Every Monday night throughout the summer there is live music, free, at l’Escalet beach. This is a particularly unspoilt place, unlike some of the beaches further up the coast which are actually builder’s sand, rough and yellow, plonked next to the sea. At l’Escalet, the water is clear and the band play backlit by the setting sun, framed by rocks, gentle waves and boats on the horizon. It’s absolutely gorgeous.
My mum didn’t want a fuss so we had to do it secretly. My sister sneaked the chairs and tables into my van, plus vases of flowers, lanterns for candles, proper white china plates and bowls, snowy table linen and real glasses. Somehow my parents didn’t realise that half their furniture was missing from their villa.
My sister-in-law Bernie, who is a domestic science teacher and a fine cook, and I made the food: potato salad with creme fraiche and fennel flowers; stuffed vegetables; melon and smoked salmon salad; beluga lentil salad with feta; watermelon, mint and feta ‘pizza’; caponata (so much nicer than ratatouille); heart shaped cheeses, white chocolate and limoncello cake and a giant fruit salad. My brother hoisted a magnum of champagne.
My friend Begs helped me set up on the beach so everything was ready when my parents turned up. The French loved it too, congratulating us as they descended to the rocky bay, ‘felicitations’ and ‘bon apetit’. I also heard one couple say ‘they have class, we can’t compete’. One man wearing white linen from head to toe asked to be invited.
As the weeks went on, more and more tables were set up. It became a mixture of Glyndebourne and Glastonbury. A beautiful setting for a diamond wedding anniversary. Here are some of the dishes we made:
This sounds a bit 70s Cranks style veggie food, but carefully cooked and presented, is vibrant and tasty.
- 200 g rice, couscous, bulghar wheat (You can buy quick cook or packaged to shorten cooking time)
- 400 ml vegetable stock if making rice or bulghar wheat and 200ml for couscous
- pinch saffron (ground finely in a pestle and mortar)
- 4 tbsps Olive oil
- 4 shallots, finely chopped
- 4 cloves garlic, finely minced
- bunch flat leaf parsley
- sea salt
- 2 preserved lemons, finely chopped
- large handful apricots, roughly chopped (Optional: marinate/soak in sherrry)
- handful pinenuts
- 50 ml olive oil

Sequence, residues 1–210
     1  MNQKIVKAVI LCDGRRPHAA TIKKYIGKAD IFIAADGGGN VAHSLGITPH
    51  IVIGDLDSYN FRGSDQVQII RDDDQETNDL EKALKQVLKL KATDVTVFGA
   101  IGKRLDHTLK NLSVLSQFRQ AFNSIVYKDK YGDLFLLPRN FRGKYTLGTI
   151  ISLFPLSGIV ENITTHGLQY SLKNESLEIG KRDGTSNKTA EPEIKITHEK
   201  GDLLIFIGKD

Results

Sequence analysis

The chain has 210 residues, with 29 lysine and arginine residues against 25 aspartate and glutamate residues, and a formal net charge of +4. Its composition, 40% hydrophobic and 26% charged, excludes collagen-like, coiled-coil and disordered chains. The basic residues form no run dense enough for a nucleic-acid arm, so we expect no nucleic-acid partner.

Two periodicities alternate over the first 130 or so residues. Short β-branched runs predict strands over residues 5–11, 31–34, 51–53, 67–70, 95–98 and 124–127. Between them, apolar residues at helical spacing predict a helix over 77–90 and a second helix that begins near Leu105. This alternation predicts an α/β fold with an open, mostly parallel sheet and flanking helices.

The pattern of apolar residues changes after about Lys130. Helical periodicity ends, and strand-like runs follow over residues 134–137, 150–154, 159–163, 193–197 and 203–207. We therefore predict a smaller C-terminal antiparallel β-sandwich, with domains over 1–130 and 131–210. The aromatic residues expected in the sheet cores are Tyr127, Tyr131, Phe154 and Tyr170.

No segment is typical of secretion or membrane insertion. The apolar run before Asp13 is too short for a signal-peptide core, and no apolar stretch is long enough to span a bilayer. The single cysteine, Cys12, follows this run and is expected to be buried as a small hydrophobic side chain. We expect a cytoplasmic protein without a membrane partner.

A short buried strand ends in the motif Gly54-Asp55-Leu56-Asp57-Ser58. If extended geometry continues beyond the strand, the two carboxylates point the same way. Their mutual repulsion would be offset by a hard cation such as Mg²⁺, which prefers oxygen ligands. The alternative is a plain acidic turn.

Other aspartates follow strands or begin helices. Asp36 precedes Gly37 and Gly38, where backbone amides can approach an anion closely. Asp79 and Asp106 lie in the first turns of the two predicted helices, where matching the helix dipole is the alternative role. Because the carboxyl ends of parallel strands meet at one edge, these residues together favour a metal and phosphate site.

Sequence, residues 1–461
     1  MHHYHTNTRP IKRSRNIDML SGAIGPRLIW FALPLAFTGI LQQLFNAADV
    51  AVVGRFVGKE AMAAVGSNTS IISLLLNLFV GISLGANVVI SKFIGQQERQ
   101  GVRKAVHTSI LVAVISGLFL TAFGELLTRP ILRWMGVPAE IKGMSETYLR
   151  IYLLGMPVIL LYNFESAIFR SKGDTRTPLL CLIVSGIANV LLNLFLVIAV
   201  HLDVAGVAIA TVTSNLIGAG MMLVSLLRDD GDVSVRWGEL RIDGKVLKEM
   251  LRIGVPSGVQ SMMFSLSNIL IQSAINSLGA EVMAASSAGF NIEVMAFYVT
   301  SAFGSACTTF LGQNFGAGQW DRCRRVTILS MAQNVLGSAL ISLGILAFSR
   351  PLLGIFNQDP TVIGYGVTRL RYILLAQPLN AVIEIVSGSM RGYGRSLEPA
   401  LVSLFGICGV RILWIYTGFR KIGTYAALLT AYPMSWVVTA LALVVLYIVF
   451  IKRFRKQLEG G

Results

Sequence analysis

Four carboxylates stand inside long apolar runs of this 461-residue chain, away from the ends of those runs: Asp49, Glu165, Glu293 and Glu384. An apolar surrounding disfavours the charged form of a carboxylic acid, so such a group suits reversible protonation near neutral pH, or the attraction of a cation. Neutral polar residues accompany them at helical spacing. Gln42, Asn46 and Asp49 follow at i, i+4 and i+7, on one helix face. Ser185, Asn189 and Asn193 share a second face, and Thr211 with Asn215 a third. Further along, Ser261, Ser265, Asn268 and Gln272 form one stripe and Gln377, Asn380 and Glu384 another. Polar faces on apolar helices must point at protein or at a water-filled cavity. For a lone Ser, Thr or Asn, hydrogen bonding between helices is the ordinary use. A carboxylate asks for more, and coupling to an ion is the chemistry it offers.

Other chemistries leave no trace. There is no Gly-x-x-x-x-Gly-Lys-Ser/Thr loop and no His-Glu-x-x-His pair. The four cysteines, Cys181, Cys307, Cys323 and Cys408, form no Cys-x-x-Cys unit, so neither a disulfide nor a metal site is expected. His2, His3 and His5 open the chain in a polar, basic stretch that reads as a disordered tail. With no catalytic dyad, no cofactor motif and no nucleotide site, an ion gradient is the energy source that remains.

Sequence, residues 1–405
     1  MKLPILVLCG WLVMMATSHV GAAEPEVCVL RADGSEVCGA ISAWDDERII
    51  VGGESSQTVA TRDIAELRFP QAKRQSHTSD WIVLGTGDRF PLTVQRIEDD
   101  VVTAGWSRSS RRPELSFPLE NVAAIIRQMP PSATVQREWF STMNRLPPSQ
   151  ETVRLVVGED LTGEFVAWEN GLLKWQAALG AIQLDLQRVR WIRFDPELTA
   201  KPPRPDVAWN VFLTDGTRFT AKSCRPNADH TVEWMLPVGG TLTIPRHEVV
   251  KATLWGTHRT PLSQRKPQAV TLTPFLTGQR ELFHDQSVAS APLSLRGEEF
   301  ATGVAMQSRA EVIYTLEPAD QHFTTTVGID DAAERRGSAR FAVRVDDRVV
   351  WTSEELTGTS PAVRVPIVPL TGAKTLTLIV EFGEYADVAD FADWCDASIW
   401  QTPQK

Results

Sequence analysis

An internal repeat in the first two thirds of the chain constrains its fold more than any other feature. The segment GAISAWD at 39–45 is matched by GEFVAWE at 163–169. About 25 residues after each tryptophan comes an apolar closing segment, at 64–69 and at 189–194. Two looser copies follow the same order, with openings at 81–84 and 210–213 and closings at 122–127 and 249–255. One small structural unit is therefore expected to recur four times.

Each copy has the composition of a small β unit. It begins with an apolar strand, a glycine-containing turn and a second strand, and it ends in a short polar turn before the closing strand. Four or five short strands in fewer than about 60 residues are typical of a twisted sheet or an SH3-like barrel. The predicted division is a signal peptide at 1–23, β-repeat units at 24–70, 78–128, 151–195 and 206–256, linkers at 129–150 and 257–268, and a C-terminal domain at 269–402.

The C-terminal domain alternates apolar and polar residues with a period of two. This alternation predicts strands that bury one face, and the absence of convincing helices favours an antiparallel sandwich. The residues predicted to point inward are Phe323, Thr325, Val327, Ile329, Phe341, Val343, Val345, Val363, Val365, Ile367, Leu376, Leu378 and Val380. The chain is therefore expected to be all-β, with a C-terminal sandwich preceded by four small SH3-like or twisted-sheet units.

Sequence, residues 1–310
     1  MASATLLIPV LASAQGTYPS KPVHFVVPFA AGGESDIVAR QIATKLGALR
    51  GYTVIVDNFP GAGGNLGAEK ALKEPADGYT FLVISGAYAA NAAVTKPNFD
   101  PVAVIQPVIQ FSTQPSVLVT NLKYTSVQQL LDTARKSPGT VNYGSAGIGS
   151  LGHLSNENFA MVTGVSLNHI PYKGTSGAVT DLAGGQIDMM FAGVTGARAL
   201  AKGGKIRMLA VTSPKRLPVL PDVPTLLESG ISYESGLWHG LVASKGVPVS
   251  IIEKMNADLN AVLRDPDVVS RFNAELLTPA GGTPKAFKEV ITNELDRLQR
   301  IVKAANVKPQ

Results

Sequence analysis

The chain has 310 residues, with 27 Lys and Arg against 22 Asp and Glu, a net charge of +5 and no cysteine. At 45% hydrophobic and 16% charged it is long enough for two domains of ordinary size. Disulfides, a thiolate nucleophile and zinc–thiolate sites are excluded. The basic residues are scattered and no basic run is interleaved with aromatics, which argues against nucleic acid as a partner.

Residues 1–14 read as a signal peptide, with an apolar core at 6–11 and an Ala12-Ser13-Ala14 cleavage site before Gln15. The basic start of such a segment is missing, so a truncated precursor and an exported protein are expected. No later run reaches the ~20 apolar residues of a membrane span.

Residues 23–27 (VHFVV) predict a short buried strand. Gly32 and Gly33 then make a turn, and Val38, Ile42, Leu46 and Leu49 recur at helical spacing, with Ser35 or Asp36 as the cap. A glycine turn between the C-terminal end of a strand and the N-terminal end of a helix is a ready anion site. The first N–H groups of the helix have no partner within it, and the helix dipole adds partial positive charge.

- 6 yellow, orange or red peppers whole (cut off the tops, keep as hats, remove inner seeds and pith)
Cook the grain you are going to stuff the vegetables with, using the vegetable stock. In fact slightly undercook it.
Mix the cooked grain with the saffron
Heat a frying pan with the olive oil
Add the shallots, garlic to the olive oil, fry until golden.
Preheat the oven to 180C
Mix this with the grain, the preserved lemons, parsley, the apricots, the pine nuts, the salt.
Put the peppers into an oiled baking tin, remove the hats and stuff the peppers with the mixture.
Add some olive oil to the peppers, replace the hats and bake for 40 minutes
Remove from the oven and serve.
A good ratatouille is a rare thing. It's often slimy in texture. I prefer the Sicilian caponata, an agro-dolce sweet and sour riff on the same mediterranean vegetables. This is inspired by Claudia Roden's recipe. The artichokes are optional but god I'm passionate about them. I'd stick them in everything.
- 100 ml olive oil
- 1 brown onion, sliced
- 2 aubergines, medium, sliced
- 2 red peppers, cored, sliced
- 1 yellow peppers, cored, sliced
- 3 bay leaves
- 2 cloves garlic, crushed
- 100 g olives, pitted (green or black)
- 3 tbsp capers
- 3 tbsp sherry vinegar
- sea salt, to taste
- jar roasted or marinated artichoke hearts (to garnish)
- handful fresh basil leaves (to garnish)
Prepare the vegetables. Put a deep frying pan with the olive oil on medium heat on the stove
Fry the onions until soft, then add the aubergine and peppers, until soft, the edges caramelised.
Add the bay leaves, garlic, olives, capers
Add the vinegar and sea salt to taste
Garnish with artichokes, basil leaves
Watermelon, feta and mint 'pizza'
- 1 watermelon, cut into 2cm thick triangles
- 100 g feta cheese, cut into squares
- handful fresh mint leaves
Assemble the watermelon wedges as pictured.